On June 9, the U.S. Department of Agriculture (USDA) announced the official withdrawal of a previously proposed rule, Revision of Categorical Eligibility in the Supplemental Nutrition Assistance Program (SNAP). Initiated under the Trump administration in 2019, the rule sought to eliminate the option for Broad Based Categorical Eligibility (BBCE), which allows states to determine SNAP eligibility based on participation in the Temporary Assistance for Needy Families program. BBCE is an important flexibility that allows social service agencies to streamline applications across assistance programs and expand income eligibility to avoid penalizing program participants for nominal increases in earnings.
Counties administer the SNAP program in 10 states representing 31 percent of all program participants: California, Colorado, Minnesota, New Jersey, New York, North Carolina, North Dakota, Ohio, Virginia and Wisconsin. Counties operating SNAP often contribute significant levels of local funds to meet the administrative and supplemental costs of running the program.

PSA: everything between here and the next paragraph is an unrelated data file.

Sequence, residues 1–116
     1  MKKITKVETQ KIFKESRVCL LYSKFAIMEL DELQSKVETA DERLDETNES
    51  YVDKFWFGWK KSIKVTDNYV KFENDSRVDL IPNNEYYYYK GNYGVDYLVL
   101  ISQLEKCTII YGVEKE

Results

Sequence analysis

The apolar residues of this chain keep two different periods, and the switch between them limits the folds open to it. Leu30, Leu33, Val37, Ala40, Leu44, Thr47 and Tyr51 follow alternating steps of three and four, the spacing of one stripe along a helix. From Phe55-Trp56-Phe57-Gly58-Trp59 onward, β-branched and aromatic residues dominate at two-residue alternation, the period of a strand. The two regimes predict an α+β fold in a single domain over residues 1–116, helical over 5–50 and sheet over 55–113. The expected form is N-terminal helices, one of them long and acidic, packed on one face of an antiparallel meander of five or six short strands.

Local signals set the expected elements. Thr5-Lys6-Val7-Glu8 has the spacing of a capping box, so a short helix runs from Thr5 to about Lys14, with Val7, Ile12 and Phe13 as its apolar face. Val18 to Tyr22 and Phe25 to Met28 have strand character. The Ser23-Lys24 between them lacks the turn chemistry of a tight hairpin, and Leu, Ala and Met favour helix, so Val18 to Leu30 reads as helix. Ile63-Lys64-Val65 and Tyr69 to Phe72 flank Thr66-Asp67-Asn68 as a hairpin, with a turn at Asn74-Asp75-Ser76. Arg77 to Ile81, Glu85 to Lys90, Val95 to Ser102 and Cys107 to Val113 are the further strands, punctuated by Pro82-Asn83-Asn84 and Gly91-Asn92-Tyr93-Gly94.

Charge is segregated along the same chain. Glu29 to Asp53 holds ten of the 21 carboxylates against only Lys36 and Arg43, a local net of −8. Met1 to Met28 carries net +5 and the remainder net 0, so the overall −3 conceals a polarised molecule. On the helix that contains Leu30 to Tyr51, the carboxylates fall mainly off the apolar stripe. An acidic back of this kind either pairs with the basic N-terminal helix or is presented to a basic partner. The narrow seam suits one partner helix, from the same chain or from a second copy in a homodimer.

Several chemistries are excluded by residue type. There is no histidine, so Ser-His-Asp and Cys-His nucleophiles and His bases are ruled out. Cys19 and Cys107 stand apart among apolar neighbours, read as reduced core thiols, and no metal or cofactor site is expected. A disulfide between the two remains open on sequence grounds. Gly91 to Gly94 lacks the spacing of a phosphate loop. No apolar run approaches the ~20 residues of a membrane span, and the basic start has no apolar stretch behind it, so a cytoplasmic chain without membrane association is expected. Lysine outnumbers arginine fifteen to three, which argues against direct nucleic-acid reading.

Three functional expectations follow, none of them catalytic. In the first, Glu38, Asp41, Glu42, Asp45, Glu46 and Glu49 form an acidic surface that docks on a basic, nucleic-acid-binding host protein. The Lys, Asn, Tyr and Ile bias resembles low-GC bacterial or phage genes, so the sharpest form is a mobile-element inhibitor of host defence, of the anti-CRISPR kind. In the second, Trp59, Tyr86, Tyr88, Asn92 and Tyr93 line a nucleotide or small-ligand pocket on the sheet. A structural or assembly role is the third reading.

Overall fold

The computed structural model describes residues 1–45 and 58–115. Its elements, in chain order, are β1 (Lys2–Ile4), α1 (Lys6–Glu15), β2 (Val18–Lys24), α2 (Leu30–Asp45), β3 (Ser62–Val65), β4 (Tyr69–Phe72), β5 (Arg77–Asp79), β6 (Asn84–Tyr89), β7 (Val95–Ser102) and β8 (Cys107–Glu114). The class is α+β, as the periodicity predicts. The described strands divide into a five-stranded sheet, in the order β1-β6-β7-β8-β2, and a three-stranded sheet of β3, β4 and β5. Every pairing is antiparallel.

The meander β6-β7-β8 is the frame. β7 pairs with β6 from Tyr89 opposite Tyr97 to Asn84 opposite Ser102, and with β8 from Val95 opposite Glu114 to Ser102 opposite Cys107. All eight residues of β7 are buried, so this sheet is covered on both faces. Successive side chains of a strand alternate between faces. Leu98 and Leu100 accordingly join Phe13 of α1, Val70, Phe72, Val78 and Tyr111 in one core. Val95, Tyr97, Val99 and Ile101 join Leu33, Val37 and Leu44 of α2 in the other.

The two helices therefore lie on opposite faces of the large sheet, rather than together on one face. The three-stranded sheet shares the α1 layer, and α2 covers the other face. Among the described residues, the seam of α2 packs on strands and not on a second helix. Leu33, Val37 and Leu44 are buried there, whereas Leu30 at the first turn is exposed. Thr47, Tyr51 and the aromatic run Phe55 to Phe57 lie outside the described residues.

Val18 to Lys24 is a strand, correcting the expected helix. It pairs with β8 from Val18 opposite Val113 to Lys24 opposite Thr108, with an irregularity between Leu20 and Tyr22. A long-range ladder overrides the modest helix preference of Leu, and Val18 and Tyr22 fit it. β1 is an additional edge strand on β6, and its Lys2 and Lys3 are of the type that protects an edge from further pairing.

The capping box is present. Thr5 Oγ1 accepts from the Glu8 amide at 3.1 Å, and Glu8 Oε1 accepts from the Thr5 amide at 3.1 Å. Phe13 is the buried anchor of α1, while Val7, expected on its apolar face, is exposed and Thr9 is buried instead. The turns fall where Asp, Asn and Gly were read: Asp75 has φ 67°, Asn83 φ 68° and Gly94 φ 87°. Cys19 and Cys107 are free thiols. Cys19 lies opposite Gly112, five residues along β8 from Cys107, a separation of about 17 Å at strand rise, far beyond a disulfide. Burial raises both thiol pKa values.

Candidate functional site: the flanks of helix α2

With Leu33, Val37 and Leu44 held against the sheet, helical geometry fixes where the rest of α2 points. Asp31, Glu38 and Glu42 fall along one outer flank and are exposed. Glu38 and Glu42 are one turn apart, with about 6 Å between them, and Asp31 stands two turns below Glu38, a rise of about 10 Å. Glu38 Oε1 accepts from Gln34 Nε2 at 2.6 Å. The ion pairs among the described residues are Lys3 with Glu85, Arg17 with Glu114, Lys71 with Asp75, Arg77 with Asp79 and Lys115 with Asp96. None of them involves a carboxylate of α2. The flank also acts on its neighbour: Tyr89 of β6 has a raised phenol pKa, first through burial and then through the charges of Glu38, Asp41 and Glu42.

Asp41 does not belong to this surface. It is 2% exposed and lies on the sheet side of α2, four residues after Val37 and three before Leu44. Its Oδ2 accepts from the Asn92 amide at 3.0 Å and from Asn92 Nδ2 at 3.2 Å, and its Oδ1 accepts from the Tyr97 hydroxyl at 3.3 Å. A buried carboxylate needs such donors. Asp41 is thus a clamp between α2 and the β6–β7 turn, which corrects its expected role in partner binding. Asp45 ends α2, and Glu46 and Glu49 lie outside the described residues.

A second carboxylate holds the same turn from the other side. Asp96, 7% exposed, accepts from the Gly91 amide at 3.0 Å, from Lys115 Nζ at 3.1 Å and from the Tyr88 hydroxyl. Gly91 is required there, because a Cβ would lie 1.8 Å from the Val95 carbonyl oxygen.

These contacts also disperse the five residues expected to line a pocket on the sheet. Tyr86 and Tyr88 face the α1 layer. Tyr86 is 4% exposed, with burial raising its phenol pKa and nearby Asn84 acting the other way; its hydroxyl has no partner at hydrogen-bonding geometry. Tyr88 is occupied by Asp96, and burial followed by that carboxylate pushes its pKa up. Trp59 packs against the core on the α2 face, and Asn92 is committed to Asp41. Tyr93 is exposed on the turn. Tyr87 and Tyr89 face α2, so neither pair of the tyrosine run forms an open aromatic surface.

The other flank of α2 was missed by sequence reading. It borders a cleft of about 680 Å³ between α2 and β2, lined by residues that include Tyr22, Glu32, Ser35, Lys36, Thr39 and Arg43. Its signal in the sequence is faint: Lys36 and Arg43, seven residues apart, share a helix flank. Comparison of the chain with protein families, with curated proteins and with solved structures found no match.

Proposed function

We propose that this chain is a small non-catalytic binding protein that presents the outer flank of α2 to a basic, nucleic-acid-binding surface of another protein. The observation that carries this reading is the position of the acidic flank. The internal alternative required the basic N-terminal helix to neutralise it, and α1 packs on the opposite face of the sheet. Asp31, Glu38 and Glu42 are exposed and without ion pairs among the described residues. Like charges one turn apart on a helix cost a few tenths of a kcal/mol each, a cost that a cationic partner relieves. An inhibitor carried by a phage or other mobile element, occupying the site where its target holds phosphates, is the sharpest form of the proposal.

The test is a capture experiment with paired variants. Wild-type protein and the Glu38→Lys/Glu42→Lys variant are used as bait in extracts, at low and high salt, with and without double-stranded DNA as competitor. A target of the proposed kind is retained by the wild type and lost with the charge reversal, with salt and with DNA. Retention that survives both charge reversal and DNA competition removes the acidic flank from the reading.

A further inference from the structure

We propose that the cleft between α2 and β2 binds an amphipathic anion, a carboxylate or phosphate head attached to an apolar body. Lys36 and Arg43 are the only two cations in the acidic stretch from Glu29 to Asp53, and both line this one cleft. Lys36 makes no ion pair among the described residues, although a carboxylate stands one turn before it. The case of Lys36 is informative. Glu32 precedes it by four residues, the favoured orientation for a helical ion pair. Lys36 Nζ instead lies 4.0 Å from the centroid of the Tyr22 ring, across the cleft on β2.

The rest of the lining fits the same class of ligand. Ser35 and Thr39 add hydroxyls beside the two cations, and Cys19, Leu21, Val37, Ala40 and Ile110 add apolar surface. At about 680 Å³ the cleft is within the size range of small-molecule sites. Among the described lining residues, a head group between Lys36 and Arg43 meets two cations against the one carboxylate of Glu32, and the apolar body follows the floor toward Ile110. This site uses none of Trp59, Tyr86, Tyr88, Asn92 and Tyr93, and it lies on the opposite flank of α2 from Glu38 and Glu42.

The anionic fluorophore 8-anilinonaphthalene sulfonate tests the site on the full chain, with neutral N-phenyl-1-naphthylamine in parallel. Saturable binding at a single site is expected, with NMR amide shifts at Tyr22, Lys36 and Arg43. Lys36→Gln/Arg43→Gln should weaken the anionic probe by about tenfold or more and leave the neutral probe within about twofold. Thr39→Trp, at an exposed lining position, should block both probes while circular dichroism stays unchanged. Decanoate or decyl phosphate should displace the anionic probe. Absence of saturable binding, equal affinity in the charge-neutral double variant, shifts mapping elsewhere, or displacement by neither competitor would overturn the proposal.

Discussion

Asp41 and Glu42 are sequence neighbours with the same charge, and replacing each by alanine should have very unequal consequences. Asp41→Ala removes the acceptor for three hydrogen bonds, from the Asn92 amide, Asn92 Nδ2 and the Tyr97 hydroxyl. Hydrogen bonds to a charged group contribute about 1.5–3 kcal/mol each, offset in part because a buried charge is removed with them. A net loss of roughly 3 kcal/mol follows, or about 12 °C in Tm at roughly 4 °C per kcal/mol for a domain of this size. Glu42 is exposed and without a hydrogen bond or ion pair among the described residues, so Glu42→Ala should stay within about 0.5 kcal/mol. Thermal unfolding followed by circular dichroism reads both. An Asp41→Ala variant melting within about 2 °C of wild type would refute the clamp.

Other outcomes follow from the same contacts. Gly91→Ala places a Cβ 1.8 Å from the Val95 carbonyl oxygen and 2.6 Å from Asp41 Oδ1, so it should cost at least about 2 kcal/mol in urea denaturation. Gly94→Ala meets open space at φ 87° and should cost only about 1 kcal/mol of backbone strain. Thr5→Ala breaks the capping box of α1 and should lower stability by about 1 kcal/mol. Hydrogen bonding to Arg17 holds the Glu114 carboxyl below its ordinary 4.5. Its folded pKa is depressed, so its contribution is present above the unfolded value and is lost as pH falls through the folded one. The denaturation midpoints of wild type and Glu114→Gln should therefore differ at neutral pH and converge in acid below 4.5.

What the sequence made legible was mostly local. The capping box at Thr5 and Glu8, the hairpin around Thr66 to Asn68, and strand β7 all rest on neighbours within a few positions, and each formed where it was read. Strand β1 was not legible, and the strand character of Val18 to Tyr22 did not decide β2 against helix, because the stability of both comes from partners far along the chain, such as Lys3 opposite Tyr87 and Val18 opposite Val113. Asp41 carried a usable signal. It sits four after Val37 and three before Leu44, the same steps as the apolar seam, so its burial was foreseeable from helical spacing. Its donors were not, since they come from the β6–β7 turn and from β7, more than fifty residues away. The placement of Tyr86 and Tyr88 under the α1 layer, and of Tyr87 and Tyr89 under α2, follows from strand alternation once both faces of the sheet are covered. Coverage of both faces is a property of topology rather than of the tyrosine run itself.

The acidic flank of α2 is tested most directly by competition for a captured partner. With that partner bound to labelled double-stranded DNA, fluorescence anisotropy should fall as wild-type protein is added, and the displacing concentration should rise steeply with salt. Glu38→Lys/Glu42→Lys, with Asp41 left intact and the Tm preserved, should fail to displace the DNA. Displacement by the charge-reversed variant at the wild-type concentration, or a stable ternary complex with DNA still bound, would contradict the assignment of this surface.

As NACo expressed in initial comments on the proposed rule, removing the option for BBCE could significantly create new financial and administrative requirements without providing additional federal resources, functioning as an unfunded mandate for local governments. Agency estimates also projected upwards of 3 million individuals losing access to the SNAP program as a result of the proposed rule, resulting in additional hardship for vulnerable county residents.
Counties support USDA’s decision to withdraw the rule and look forward to continuing to work with our federal partners to ensure the SNAP program has sufficient funding and flexibility to meet the unique needs of our communities.
- Supplemental Nutrition Assistance Program (SNAP) Reauthorization and Appropriations
- Fighting Food Insecurity During COVID-19 and Beyond: Key Updates for County Leaders
- NACo Regulatory Outlook for the Biden Administration